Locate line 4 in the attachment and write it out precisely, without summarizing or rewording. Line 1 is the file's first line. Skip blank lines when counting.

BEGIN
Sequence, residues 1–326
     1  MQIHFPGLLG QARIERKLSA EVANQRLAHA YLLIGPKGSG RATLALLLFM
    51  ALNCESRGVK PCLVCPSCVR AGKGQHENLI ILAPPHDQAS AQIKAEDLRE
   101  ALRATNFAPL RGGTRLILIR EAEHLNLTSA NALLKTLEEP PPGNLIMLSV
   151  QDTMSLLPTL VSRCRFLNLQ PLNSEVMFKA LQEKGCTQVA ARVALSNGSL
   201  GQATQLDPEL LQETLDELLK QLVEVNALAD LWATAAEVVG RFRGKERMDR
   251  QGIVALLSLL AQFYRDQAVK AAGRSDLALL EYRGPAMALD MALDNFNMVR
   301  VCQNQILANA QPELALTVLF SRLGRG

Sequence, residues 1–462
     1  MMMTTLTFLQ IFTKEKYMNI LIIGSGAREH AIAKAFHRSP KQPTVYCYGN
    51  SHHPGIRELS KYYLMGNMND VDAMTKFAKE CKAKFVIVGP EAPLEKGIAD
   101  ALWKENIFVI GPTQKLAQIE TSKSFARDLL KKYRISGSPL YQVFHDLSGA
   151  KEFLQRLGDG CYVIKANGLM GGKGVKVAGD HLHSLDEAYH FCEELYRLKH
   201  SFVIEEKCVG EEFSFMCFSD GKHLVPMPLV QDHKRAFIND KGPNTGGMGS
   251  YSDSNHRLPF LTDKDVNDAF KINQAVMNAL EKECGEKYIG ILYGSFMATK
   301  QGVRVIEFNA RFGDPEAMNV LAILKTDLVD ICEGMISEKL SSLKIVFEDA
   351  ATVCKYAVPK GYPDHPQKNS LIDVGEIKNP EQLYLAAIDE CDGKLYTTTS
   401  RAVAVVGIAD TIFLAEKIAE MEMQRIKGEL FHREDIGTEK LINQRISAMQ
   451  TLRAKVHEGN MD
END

   101  ALRATNFAPL RGGTRLILIR EAEHLNLTSA NALLKTLEEP PPGNLIMLSV